Nate’s history deserves a post all its own. I will barely touch on it here, he was starved, locked in a stall, gelded late, slightly crazy, forgiving, and dependable. That’s the important part. Despite everything he was smart, dependable, and forgiving.
He deserved so much more than the rider I was at the time. We do the best we can though until we learn better, then we do better.
We were riding up in Wisconsin, the south east corner, in the big beautiful hills covered in trees and under growth. Everything used to be farmed harder than it is now that it is so much a suburb of Chicago and Milwaukee.
As our horses eased down the steep hill, nearly sliding down on their hindquarters, Nate stopped.
Confused I asked him to keep going. He said no. I began to look around. The friends we were with stopped, turned around, and began to look too.
Nate sat perfectly still, legs clear up under him, haunches inches from the ground.
All of this happened much faster than it takes to write or read about it. Nate was starting to tremble though with the strain of staying perfectly still.
It didn’t take long for us to discover the source of the problem. An old barbwire and woven wire fence had fallen nearly perpendicular to the ground. All the other horses had walked over it without even knowing it was there. Nate had caught it just right and both hind legs slid under it.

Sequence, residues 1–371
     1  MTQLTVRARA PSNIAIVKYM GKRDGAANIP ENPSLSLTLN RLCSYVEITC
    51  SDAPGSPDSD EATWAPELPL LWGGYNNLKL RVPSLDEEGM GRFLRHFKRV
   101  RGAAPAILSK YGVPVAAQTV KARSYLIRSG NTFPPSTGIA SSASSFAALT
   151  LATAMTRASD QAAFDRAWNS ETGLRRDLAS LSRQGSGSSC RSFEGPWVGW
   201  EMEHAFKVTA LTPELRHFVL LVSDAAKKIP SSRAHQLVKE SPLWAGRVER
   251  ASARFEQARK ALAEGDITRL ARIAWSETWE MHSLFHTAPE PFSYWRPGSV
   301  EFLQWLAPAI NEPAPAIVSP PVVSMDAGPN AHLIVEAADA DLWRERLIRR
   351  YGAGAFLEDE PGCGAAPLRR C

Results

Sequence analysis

Feeling the wire over his legs, instead of fighting or panicking there on the steep hill likely getting both of us hurt, he had froze refusing to move. I jumped off as fast as I could. Luckily we had wire cutters along. Nate’s hindquarters were visibly shaking by the time we got the wire cut and freed him. He was hesitant to move even when we had the wires out of the way and he could do so safely. It took some convincing to get that first step.
I believe I walked him down the hill to let him rest and recover.
My hot, slightly crazed little Morgan had saved me once again. Most of my scars and sore places are left overs from him. He was too much horse and I had too little knowledge as a rider. That I am still alive to talk about it is also mostly because of him. If not for his kindness in taking care of me the wrecks we had could have been far worse. We were friends working together to drive anyone who rode with us crazy, from me teaching him to bite any horse next to us on cue (maybe my actual first use of positive reinforcement?) to him having permission to use me, or anyone else who dared to ride him, as a scratching post (a reward for letting me ride him). Even then it was a two way street of communication between horse and rider.
One of the many horses who I wish I had to do over again. If only I had known then what I know now, of course what I know now is largely because of him.
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